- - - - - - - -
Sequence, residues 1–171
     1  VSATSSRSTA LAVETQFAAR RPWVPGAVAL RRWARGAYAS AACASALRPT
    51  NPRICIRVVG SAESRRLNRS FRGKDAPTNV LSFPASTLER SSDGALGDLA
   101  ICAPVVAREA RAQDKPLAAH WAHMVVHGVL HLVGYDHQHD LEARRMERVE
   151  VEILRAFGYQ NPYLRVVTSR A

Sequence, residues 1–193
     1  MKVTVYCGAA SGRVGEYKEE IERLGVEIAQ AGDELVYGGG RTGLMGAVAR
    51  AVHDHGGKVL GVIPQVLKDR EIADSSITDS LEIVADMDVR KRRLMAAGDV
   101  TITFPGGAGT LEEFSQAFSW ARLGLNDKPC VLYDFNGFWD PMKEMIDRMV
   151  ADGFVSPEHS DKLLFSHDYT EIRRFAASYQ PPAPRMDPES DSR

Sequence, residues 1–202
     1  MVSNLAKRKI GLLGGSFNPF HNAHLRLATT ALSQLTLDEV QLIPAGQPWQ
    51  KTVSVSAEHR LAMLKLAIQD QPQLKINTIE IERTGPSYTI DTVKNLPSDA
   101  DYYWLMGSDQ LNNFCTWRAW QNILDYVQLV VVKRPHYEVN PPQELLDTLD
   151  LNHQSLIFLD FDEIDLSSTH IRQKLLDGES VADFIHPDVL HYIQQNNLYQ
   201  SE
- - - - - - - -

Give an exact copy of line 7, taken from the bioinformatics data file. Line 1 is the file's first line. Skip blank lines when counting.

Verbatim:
     1  MKVTVYCGAA SGRVGEYKEE IERLGVEIAQ AGDELVYGGG RTGLMGAVAR